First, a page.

7.17.2013

Why You Don't Need to Learn More Chords and Scales



Guitar Pedalboard
Image Courtesy of opethpainter
After spending a lot of time examining the material being posted by other guitar sites around the web, I've learned a lot about the kind of content I want to produce and showcase on this site, and hopefully, it doesn't see its conclusion after teaching you a few chords and scales on the guitar.

Now that I've seen the myriad of other places where you can get that information, I know now that it's not what you need to hear more of.

Now of course, I'll be the first to tell you that chords and scales are vitally important, and are crucial topics for anyone to learn if they even hope to start playing the guitar. But that's just it; it's a starting point, not the end all.

Yet most guitar lessons are centered around learning certain scales or chords, examining their musical properties and then memorizing them or playing them.

That's all well and good, but I would submit that after you've done that a few times you're probably ready to move on to something a little more substantial or in-depth.

For example, improvising the pentatonic minor scale might be a good next step.

Application

So while I'm in favor of a good chord chart or pentatonic guitar lesson (obviously I've written a few myself), I'm also in favor of thorough explanation and application of the entire process, because in reality, chords and scales are hardly even the starting line.

They're a foundation that needs to be built upon, so if you lay the foundation and then stop building, you haven't really accomplished anything.

So don't stop there.

Instead of just learning the foundational aspects, and then saying that the rest is just "hard to teach" or up to "natural ability", why wouldn't those of us who have already trodden that path, try and teach the rest of the process? Sure it's hard to put into words, but it absolutely can be done.

That means there's no excuse for a guitar teacher to leave you hanging at, "here's how to play a B minor chord", and there's no excuse for you to be happy with that limited amount of knowledge.

Instead...

  • What can I do with this chord?

  • How does it fit into a chord progression?

  • What songs can I identify it in?

  • How can I quickly move to and from this chord?

  • What's the optimal finger positioning for it?

  • How can I use this chord to create arpeggios and improve my soloing technique?

  • How can I use this chord to improve my ability to improvise?

and the list goes on...

Guitar teachers usually charge anywhere from $25 to $50 an hour and up. On this site, I delve into these topics free of charge if you're willing to tolerate some Amazon affiliate links, so a guitar teacher should definitely be able to answer some of those questions for you.

That's me giving you permission to ask questions and be as annoying as possible.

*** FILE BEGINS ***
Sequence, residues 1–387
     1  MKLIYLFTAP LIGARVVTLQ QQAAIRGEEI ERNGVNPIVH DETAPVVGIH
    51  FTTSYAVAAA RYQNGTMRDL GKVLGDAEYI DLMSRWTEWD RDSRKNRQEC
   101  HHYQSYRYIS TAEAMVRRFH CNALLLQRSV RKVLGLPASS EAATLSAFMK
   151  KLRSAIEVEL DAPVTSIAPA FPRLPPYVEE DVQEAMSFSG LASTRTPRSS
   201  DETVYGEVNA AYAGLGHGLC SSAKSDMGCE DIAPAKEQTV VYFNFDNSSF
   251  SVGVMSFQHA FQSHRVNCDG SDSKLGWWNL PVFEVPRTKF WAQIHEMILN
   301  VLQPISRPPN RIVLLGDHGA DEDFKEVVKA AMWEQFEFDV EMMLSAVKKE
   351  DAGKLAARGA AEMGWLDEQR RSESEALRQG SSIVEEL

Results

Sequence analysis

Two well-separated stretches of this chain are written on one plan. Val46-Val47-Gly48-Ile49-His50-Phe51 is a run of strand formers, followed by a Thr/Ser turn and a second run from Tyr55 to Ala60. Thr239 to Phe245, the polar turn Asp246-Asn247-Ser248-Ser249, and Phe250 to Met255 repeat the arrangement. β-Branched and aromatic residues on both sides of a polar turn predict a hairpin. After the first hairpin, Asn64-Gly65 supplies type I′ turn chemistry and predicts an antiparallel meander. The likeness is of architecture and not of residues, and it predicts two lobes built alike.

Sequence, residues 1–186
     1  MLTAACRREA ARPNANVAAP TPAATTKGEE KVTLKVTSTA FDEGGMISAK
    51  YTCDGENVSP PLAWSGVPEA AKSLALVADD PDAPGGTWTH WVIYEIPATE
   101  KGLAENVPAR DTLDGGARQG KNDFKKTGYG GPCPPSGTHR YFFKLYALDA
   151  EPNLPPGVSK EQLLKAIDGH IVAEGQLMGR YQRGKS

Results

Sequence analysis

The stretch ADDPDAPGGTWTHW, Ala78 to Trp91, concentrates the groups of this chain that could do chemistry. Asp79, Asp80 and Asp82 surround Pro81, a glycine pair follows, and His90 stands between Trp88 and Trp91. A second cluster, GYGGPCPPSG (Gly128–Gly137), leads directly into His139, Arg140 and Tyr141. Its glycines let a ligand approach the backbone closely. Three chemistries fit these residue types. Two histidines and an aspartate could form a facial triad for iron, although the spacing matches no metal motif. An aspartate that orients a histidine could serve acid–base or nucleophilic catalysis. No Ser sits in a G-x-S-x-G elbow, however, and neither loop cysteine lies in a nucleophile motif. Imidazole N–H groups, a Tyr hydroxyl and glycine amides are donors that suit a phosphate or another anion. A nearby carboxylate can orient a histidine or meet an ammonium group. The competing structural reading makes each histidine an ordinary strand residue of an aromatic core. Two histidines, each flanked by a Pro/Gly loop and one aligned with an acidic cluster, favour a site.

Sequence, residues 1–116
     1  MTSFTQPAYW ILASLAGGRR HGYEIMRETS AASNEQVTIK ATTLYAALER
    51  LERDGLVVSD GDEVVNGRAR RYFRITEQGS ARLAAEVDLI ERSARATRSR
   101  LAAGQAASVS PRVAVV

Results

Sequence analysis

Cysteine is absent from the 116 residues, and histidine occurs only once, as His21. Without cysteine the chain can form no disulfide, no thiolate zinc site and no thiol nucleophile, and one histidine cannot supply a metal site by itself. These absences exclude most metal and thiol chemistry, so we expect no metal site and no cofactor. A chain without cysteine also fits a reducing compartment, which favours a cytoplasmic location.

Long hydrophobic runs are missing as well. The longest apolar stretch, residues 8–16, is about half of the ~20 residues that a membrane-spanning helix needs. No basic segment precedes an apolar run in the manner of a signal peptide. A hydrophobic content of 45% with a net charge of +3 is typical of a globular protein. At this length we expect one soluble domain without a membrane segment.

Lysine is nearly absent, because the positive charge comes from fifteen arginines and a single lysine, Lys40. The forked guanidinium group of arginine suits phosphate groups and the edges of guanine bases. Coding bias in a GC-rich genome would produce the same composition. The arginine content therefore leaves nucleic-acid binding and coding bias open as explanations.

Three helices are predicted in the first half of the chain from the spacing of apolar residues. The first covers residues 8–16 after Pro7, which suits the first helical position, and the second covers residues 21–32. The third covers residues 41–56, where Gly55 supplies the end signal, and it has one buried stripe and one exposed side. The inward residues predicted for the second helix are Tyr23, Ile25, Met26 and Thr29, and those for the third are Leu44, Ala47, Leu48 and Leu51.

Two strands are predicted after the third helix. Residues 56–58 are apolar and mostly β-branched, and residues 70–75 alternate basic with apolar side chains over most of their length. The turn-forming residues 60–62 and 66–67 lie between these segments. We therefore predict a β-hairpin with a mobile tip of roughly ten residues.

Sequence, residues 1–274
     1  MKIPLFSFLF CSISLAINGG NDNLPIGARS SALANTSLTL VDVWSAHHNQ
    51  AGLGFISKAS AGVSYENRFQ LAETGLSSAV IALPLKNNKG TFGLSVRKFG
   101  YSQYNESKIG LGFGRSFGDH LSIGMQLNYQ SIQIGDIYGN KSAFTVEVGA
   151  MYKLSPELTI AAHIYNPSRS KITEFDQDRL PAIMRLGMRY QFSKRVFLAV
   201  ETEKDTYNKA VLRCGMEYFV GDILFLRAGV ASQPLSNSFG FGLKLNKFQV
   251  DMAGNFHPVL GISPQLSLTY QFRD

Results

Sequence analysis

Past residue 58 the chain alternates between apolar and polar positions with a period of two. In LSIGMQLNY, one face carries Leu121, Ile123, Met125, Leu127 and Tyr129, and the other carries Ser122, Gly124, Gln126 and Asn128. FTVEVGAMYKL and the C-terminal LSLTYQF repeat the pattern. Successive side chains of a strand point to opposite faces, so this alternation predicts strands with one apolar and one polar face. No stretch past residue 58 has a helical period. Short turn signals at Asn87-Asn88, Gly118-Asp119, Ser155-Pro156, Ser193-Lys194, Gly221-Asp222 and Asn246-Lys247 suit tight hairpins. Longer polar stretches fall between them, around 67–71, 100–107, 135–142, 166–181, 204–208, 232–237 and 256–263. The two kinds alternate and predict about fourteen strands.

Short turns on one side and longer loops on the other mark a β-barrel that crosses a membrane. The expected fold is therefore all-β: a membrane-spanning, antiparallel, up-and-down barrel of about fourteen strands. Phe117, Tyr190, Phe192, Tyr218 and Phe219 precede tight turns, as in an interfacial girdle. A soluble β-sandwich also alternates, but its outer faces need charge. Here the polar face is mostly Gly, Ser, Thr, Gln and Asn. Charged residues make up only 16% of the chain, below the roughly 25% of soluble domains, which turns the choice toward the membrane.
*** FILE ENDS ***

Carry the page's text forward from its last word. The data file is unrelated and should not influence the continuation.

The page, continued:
Providing the Right Answers

As a guitar player who has sought to provide answers to those questions, I've come to the realization that there is so much more to the guitar as an instrument than what it's given credit for, particularly in the online community.

Guitar blogs and websites provide tabs, chord charts, scales and even lesson plans, but with a few exceptions, I've found it difficult, if not impossible to find lessons that are actually thorough and useful to someone beyond teaching them the basic tenants of the instrument.

We Don't Need More Basics

It's so frustrating, because no one needs more of that. The websites that already showcase that information are doing a good enough job of it, so we don't need anymore free resources (much less a paid teacher) to tell guitar players that they need to memorize modes.

I know that most of you already know that, and for those of you who don't, it's not going to take much time to learn.

That's why I would be one to say, you don't need to learn more chords and scales.

Instead

What I want to do is provide a place where you can go above and beneath that process and actually learn how to apply the basic components of the guitar, to something more useful and musical.

Once you're able to do that, everything about your playing improves, and to a certain degree even gets easier, which I believe makes the difference between controlling your guitar or your guitar controlling you.

You can always tell which side of that fence someone is on just by watching them play for awhile, so don't be on the wrong side. Get control of your instrument.

So what do I do?

It depends on where you're at with the guitar, but once you figure that out, take what you would consider to be the basics of what you've learned: Chords, scales, arpeggios, even songs and use then go through the following process:

  1. Pick each basic skill apart.

  2. Study the small, more minute aspects of what you're doing when you play certain chords, scales etc.

  3. Use that knowledge to free up your playing and build a more diverse and unique skill set.

  4. Apply that skill set to your own music and to the musical needs around you.

Going through this process has helped me to avoid becoming a stylistic clone, and has given me the ability to make myself a creative and useful guitar player to those who need a contributing guitarist. I know that not everyone learns the same way, but this is a pattern that I think can benefit a wide range of musicians.

Thus my encouragement to you would be simply this: Don't settle for simple lessons and stylistic plagiarism.

Instead, learn how to learn in an in-depth way, so that you can carve your own niche and so that other people will imitate your playing style.




About Robert Kittleberger

Robert is the founder and editor of Guitar Chalk and Guitar Bargain. You can get in
touch with him here, or via Twitter, Facebook and Google Plus.